Opening Hours: Daily, 24 hours
Location: In an alley at the junction of Lebuh Chulia & Jalan Penang (on the same side of Jalan Penang as Chowrasta Bazaar)

Rojak Pasembur

An Indian-Muslim dish, rojak pasembur is a Malaysian salad comprising shredded cucumber, turnip, potatoes, beancurd, bean sprouts, pieces of prawn fritters, squids and boiled eggs mixed together with a sweet and spicy peanut sauce. Simple and wholesome, this dish can be found mostly along Gurney Drive.

Opening Hours: Daily, 18:00 - Late
Location: New Gurney Drive Food Court, Gurney Drive (at the other end of Gurney Drivetowards Bagan Jermal - near the roundabout and parallel to Jalan Khidmat)

Tau Sar Peahs

Tau Sar Peahs

Tau Sar Peahs are little dumpling-shaped morsels of goodness that are a cross between a biscuit and a pastry. They are so good that people have often likened them to 'food for the gods'. Eaten as a snack or dessert, the delicious Tau Sar Peah is made by baking red bean paste in sugar and lard until it becomes a mushy golden mixture. The paste is then moulded into a round shape with a coating of thin flour, which forms the skin. The skin becomes flaky as the tau sar peahs bake to golden perfection.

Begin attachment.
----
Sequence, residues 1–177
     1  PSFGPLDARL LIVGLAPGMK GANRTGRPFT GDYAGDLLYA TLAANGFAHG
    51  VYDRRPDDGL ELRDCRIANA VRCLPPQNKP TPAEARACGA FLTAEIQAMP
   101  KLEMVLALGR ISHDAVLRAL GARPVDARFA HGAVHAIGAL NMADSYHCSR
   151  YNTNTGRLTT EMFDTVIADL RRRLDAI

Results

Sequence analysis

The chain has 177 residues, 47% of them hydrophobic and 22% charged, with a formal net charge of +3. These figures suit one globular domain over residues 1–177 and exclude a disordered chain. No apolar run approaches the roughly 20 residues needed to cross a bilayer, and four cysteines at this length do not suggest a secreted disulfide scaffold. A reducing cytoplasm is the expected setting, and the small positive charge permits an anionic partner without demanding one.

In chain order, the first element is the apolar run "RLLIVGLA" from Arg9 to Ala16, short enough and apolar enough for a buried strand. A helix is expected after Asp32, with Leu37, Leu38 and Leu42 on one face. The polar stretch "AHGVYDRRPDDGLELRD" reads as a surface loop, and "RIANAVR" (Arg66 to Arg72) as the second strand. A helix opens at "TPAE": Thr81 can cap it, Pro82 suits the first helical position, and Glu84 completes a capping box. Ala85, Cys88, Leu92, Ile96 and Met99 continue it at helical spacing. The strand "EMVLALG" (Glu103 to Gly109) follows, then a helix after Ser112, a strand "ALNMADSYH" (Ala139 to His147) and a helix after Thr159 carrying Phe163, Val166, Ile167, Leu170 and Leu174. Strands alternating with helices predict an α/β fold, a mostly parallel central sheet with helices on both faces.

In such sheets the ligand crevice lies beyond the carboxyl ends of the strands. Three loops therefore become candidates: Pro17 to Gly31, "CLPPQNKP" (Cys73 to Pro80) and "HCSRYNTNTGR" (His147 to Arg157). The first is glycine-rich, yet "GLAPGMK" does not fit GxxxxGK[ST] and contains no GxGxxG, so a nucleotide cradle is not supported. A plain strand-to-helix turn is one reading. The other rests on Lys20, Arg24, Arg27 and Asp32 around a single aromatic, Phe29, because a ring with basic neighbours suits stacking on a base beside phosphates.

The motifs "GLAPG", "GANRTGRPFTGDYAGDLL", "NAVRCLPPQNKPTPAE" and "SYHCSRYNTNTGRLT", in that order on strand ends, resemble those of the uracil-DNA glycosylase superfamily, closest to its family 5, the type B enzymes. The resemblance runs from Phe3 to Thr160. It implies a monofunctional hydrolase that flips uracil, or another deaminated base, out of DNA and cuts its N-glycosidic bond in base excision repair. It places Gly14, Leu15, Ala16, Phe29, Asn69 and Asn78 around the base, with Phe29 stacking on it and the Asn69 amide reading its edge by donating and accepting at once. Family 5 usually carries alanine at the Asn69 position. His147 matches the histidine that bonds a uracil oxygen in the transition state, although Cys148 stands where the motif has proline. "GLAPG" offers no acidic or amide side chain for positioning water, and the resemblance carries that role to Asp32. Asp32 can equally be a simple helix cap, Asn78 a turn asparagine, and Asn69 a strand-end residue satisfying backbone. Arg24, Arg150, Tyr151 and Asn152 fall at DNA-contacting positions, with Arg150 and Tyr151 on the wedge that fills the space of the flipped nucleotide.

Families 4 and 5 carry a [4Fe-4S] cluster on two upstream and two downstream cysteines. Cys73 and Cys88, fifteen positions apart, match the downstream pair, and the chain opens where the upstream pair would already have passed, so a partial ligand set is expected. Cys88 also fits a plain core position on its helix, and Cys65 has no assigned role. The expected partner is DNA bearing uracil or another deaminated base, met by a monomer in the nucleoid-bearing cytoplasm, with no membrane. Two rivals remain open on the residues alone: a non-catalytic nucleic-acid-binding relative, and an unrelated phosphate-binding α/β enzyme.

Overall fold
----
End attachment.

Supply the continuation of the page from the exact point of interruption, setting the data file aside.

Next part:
Opening Hours: The stalls are generally open from 19:00 to 02:00
Location: Hawker areas along Jalan Tun Syed Sheh Barakbah (The Esplanade), Lebuh Chulia, Lebuh Kimberley, Lebuh Cintra, Lorong Selamat (off Jalan Burmah), Jalan Macalister, New Lane (off Jalan Macalister), Jalan Pantai, Lebuh Pantai, Lebuh Presgrave and along Gurney Drive.

Others ...

These dishes are just the tip of the iceberg. There are much more dishes waiting to be discovered which can fill an entire book, so your best bet would be to come here and experience the journey yourself! Exploring the long stretch of stalls can be daunting, as there are just so many of them but here's a tip; look for the ones with the largest crowds as these are the ones that are popular with locals simply because they're the most delicious!

Business is so good, that the hawker stalls and food courts open till the wee hours of the morning. Besides solid food, there is a wide variety of mouth-watering and thirst-quenching desserts, both locally flavoured and inspired from international cuisine.

If you ever want to dine in one of Malaysia 's most famous eating places, accompanied by the sound of waves crashing on the shore, then look no further than Gurney Drive!